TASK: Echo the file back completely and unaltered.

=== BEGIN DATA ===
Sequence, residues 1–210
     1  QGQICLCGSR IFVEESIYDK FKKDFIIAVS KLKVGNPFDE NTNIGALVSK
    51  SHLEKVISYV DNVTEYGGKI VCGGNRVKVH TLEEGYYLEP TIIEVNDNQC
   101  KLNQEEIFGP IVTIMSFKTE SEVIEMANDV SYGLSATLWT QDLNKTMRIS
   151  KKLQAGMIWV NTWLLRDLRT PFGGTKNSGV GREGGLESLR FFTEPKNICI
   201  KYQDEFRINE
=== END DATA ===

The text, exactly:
Sequence, residues 1–210
     1  QGQICLCGSR IFVEESIYDK FKKDFIIAVS KLKVGNPFDE NTNIGALVSK
    51  SHLEKVISYV DNVTEYGGKI VCGGNRVKVH TLEEGYYLEP TIIEVNDNQC
   101  KLNQEEIFGP IVTIMSFKTE SEVIEMANDV SYGLSATLWT QDLNKTMRIS
   151  KKLQAGMIWV NTWLLRDLRT PFGGTKNSGV GREGGLESLR FFTEPKNICI
   201  KYQDEFRINE